Identifies, initiates and leads resident research in the field of resident education. Residents and members of faculty are recruited to assist in the research and coauthor relevant papers. The aim is to facilitate increased resident research productivity (3).
Traditionally, all administration involved in the recruitment, selection, and appointment of fellows was exclusively managed by the specific division of the psychiatry department offering the fellowship. However, the need was identified to centralise organization under one administration, and accordingly, this position was created. The PDM of Fellowship Programs is responsible for verifying credentials; liaising with the College of Physicians and Surgeons of Ontario regarding licensing issues; calling for letters of reference; setting up an on-site interview with the applicant and relevant division members; and liaising with the office of the dean of postgraduate medical education.
In order to meet RPC membership guidelines of the Royal College, the following initiatives were taken:
1. The PD serves as Chair, heading the administrative structure and linking all the PDMs and their domains. Additionally, he or she is the main administrative link between the Royal College of Physicians and Surgeons of Canada, the College of Physicians and Surgeons of Ontario (the provincial licensing authority), and the postgraduate dean at the university. While fairly autonomous, the PD reports to the head of the department.
2. No members of faculty other than the PDMs are invited onto the residency program committee. PDMs additionally represent either the training facility in which they work or the academic division of the department of psychiatry to which they belong, or both. The representative of an academic division of the department of psychiatry, in effect, represents all teaching programs within that division.
3. Corresponding members are appointed in the situation where a given division or teaching site is not represented by an existing core member (F1).
4. Although corresponding members are nonvoting members and do not attend regular RPC meetings, they receive all meeting agendas and minutes and are invited to respond to those documents.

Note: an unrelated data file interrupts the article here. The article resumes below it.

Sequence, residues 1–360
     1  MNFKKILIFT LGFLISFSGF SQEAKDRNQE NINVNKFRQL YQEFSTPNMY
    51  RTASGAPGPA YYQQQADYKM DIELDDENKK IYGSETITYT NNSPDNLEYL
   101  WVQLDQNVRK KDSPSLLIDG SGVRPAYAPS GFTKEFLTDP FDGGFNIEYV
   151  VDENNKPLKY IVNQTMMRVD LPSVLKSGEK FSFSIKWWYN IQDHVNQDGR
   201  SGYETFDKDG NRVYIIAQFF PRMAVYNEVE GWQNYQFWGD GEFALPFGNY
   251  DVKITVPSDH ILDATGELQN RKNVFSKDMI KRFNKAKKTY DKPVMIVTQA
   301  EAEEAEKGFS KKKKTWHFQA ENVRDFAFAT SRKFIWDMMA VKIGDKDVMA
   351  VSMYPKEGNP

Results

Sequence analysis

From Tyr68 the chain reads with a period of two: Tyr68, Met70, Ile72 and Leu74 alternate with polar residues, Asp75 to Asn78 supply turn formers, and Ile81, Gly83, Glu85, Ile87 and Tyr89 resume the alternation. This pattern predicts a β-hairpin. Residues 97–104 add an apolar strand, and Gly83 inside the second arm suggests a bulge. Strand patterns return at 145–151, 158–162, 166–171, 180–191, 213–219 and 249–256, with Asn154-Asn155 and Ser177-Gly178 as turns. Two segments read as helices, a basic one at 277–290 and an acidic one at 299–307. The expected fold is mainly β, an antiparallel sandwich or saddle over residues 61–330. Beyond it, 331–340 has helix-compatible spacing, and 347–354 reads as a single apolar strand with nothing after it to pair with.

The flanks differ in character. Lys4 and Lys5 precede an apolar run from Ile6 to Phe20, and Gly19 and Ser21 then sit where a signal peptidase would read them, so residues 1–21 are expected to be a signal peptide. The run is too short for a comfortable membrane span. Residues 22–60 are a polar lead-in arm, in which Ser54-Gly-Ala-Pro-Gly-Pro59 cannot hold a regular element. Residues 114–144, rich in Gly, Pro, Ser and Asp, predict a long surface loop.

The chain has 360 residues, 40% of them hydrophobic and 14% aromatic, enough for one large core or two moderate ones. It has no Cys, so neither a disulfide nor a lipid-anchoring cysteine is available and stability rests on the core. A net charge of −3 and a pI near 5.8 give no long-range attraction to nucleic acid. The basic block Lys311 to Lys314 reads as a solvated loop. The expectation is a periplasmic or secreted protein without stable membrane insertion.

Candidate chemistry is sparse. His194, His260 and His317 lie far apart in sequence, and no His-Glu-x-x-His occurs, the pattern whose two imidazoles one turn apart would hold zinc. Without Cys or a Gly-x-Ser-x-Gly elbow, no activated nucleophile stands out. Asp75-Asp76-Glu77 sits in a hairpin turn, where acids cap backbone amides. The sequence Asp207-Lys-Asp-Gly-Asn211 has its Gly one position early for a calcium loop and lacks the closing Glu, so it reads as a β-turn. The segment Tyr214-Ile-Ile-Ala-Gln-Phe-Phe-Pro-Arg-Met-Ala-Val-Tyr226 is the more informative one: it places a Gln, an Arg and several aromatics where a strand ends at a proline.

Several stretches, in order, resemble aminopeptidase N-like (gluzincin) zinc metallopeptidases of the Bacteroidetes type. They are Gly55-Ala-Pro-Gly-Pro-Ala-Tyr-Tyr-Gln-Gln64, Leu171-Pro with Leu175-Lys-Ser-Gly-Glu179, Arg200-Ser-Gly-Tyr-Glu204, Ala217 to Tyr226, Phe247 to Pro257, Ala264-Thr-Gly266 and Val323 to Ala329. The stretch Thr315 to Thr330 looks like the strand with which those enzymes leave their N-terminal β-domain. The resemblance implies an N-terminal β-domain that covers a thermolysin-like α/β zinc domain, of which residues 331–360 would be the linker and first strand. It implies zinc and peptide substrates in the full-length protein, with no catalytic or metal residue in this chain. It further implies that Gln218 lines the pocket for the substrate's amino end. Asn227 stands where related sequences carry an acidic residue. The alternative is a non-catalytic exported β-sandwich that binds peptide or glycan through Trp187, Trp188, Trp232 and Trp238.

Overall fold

5. The resident representatives on the RPC are the chief resident, the deputy chief resident and the junior Coordinators of Psychiatric Education (COPE) representative. All the resident representatives are peer-elected and form part of the core membership.
The new system within the Queen’s University psychiatry program was phased in over a period of 1 year; flexible adjustment to new needs has been paramount.
Since inception, one program domain has already been suspended, and two new ones instated (t2). Due to governmental initiatives, the extraordinary expansion of medical school and residency training positions has been called for, and in response to these pressures, two new program domains have been created: Family Medicine Liaison and Psychiatry Outreach. The former domain primarily requires the reviewing and adjusting of family medicine resident education in psychiatry; the latter entails developing community rotations in psychiatry. Program Promotion and Liaison was suspended as our success at filling our residency positions has improved.
With this new system, the opportunity has been created for the PD to oversee important initiatives without being directly involved in organizing the details, for example, development of new rotations in community sites.
To make it possible for the PD to rapidly implement adjustments to the program without expense to core program functions, the new nature of the PD position has ameliorated the historically disruptive event of PD switchover. In contrast to the old system, administrative processing delays due to the learning phase of the newcomer have been minimized; a recent switchover—despite occurring in the midst of the resident placement interviews and shortly after a Royal College program accreditation survey—attested to this.
Since implementation of the new system, PDMs have shown keen interest in their particular areas of responsibility. Regular communication between PDMs and the PD, and among PDMs themselves, has emerged as an interesting phenomenon that has led to a degree of cohesiveness not previously present between members of the RPC.